But some symptoms may develop: blood in the stool, changes in bowel movement, feeling bloated, unexplained weight loss, feeling tired easily, abdominal pain or cramps and vomiting. Contact your physician if you have any of these symptoms.

The risk increases with age, as 90 percent of those diagnosed are older than 50. A family history of colon cancer increases risk. Also, those with benign polyps, inflammatory bowel disease, ulcerative colitis or Crohn’s disease are at greater risk and should be screened more frequently.

Here’s a look at some prevention keys:


Colonoscopy is the most accurate screening test for detecting polyps and colorectal cancer. A long, thin, flexible tube with a camera is used to visually examine the lining of the colon. Polyps can be removed at the time of the exam if necessary. Most people should have this test starting at age 50, although high-risk populations — those with genetic predisposition or inflammatory bowel disease — may begin at age 40 to 45, or even younger.

Diet and nutrition

Diets rich in fiber are generally considered beneficial for overall health, including colorectal health. Limit high-fat foods, especially from animal sources. Limit red meat and dairy. A diet consisting of fish, fruit and vegetables is valuable. Some researchers theorize that Brussels sprouts, broccoli and cabbage may trigger a chemical process to turn on a gene to suppress tumors. Sunlight and vitamin D are thought to be important, too.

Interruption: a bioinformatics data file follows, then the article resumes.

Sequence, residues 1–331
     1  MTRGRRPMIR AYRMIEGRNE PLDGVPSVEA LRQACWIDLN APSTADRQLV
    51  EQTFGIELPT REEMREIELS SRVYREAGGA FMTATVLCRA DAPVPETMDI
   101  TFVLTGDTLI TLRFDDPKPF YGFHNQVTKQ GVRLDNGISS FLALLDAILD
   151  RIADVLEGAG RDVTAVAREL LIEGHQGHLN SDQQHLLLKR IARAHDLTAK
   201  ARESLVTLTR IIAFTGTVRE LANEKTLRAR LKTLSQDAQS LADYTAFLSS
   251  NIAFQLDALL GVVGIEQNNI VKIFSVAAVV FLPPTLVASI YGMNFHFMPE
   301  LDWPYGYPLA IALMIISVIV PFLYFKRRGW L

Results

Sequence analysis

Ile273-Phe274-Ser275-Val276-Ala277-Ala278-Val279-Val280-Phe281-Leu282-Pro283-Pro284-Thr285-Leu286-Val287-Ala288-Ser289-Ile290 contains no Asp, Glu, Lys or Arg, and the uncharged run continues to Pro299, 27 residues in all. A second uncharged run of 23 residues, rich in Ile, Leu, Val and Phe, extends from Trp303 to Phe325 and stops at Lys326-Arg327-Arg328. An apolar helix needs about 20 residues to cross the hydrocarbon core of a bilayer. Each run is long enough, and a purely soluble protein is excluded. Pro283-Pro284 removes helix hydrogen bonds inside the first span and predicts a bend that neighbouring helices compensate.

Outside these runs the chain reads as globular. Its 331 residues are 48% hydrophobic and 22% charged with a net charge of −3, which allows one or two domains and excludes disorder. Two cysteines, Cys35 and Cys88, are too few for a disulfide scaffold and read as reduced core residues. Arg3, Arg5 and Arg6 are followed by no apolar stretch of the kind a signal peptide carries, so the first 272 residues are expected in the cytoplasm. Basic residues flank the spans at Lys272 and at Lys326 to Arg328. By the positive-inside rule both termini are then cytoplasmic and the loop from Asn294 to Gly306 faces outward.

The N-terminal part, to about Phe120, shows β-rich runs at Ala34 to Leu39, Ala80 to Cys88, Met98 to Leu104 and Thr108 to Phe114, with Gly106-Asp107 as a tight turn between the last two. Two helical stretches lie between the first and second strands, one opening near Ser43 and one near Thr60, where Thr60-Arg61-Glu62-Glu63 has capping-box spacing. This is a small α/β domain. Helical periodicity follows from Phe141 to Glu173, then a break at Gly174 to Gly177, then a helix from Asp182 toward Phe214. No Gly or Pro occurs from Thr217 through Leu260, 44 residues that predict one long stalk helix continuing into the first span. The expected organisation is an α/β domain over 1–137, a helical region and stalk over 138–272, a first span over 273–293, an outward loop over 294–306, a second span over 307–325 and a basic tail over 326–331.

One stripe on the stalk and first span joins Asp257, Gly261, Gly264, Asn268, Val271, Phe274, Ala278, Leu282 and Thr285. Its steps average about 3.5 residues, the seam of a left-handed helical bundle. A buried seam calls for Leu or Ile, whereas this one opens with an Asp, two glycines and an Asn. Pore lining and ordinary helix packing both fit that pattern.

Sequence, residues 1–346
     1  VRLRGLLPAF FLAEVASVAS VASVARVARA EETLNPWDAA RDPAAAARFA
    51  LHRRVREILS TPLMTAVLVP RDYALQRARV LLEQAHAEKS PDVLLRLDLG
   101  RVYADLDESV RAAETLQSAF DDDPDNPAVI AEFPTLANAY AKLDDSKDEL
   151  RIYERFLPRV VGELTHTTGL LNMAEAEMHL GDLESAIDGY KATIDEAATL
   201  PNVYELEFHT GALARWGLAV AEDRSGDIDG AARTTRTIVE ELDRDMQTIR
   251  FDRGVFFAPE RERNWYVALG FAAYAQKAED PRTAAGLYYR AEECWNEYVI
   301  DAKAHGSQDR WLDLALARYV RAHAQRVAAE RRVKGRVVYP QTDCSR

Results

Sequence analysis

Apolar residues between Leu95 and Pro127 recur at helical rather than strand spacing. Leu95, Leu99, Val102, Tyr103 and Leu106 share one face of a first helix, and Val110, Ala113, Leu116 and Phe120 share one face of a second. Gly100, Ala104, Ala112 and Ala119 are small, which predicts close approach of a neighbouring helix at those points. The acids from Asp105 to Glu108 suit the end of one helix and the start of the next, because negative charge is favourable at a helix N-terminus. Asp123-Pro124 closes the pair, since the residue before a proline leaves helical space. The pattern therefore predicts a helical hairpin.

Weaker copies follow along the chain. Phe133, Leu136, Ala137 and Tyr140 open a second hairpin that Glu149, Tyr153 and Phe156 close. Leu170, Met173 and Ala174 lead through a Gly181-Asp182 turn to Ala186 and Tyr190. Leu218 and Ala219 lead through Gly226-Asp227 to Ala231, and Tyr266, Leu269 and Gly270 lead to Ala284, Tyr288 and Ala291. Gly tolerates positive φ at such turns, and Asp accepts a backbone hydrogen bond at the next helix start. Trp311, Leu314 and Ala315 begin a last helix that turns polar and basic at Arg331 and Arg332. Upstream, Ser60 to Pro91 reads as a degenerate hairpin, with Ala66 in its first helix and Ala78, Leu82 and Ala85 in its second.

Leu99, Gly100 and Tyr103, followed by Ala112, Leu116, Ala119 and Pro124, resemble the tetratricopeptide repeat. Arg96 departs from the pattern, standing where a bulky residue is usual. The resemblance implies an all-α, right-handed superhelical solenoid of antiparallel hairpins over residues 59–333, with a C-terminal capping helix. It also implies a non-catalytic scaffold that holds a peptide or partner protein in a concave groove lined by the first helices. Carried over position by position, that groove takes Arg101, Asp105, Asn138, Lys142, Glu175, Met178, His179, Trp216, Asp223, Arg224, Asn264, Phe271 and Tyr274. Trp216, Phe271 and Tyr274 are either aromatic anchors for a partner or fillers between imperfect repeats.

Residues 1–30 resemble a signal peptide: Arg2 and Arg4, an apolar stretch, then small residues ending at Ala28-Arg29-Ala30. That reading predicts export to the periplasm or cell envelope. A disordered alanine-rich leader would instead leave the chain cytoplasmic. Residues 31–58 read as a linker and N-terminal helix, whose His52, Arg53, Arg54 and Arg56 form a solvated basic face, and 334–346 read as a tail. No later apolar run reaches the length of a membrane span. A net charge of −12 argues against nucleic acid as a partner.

Lifestyle and habits

Smoking and excessive alcohol use increase risk for colorectal and other forms of cancer. Stress and anxiety can be cancer triggers.


While there have been many studies about the benefits of exercise for colon cancer, none have been more encouraging than a recent study from the Hutchinson Cancer Institute in Seattle. Patients with abnormal cells on the lining of their colons, as found by colonoscopy, demonstrated positive changes and reversal of these cells after engaging in four hours of exercise per week for one year. Some studies have shown that exercise can reduce the risk of colon cancer by 50 percent.

How can exercise prevent colon cancer?

The intestine works like a sewage plant, recycling the food and liquid needed by your body. But it also stores waste before disposal. The longer the wastes remain idle in your colon or rectum, the more time toxins have to be absorbed from your waste into the surrounding tissues. Exercise gets your body moving, including your intestines. It stimulates muscular contraction, called peristalsis, to promote movement of waste through your colon.

Exercise to prevent colon cancer does not have to be extreme. A simple increase in daily activity for 15 minutes twice a day, or 30 minutes once a day, is adequate to improve the movement of waste through your colon. This can be simply accomplished by walking, swimming or biking, or playing golf, tennis or basketball.